How about everyday experiences? Often these little experiences (digital or real world) are not engineered to be great, but somehow they find a way to us and we feel comfortable with it. They don’t appear to be great at first and somehow we get used to it. They may not be places for special occasions but they represent a third place we spend our time. People are friendly not because they are trained to act that way but they are simply who they are. It is called authenticity. We can tolerate those long waits or any human errors because we know they are like us – being humans. The questions why we do we tolerate these service hiccups in those places and get mad when it happens as a result of a service breakdown in a large company whether it is hotel, airline or retail chain? I think it has to be with authenticity.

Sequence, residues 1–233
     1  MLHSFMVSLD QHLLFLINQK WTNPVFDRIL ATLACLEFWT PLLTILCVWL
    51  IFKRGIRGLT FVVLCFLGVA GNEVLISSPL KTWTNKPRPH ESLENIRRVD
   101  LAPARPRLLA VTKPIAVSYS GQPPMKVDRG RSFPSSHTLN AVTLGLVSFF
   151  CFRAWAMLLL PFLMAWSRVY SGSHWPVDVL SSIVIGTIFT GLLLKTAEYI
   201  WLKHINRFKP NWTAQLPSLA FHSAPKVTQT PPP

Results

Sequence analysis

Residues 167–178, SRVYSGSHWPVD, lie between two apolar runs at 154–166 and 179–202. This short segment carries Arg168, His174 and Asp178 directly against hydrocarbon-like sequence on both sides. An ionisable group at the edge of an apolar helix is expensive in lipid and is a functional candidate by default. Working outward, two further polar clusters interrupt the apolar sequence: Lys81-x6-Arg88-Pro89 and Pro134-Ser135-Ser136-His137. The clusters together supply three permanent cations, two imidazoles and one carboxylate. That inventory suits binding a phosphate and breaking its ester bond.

Idris Mootee, a business and innovation strategist, explores in a very casually written post the relevance of authenticity in experience design.